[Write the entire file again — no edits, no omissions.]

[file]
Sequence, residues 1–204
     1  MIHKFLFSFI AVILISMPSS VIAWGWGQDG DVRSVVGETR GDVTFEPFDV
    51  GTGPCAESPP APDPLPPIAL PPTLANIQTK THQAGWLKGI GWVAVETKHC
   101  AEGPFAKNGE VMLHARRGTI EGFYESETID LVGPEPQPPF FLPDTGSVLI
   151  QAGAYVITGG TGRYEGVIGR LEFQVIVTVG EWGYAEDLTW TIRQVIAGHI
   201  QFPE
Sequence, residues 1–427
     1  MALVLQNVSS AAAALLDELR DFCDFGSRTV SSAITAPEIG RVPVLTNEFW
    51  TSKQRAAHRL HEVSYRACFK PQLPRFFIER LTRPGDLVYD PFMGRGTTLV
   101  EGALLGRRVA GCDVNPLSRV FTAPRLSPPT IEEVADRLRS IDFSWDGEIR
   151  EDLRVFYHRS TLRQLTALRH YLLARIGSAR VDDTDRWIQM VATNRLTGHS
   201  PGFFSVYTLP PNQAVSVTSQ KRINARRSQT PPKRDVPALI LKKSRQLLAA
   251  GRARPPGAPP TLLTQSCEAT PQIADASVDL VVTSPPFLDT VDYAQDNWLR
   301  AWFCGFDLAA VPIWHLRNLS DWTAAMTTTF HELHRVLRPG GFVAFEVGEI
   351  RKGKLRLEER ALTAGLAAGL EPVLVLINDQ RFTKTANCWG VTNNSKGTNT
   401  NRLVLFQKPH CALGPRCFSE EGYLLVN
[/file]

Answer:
Sequence, residues 1–204
     1  MIHKFLFSFI AVILISMPSS VIAWGWGQDG DVRSVVGETR GDVTFEPFDV
    51  GTGPCAESPP APDPLPPIAL PPTLANIQTK THQAGWLKGI GWVAVETKHC
   101  AEGPFAKNGE VMLHARRGTI EGFYESETID LVGPEPQPPF FLPDTGSVLI
   151  QAGAYVITGG TGRYEGVIGR LEFQVIVTVG EWGYAEDLTW TIRQVIAGHI
   201  QFPE
Sequence, residues 1–427
     1  MALVLQNVSS AAAALLDELR DFCDFGSRTV SSAITAPEIG RVPVLTNEFW
    51  TSKQRAAHRL HEVSYRACFK PQLPRFFIER LTRPGDLVYD PFMGRGTTLV
   101  EGALLGRRVA GCDVNPLSRV FTAPRLSPPT IEEVADRLRS IDFSWDGEIR
   151  EDLRVFYHRS TLRQLTALRH YLLARIGSAR VDDTDRWIQM VATNRLTGHS
   201  PGFFSVYTLP PNQAVSVTSQ KRINARRSQT PPKRDVPALI LKKSRQLLAA
   251  GRARPPGAPP TLLTQSCEAT PQIADASVDL VVTSPPFLDT VDYAQDNWLR
   301  AWFCGFDLAA VPIWHLRNLS DWTAAMTTTF HELHRVLRPG GFVAFEVGEI
   351  RKGKLRLEER ALTAGLAAGL EPVLVLINDQ RFTKTANCWG VTNNSKGTNT
   401  NRLVLFQKPH CALGPRCFSE EGYLLVN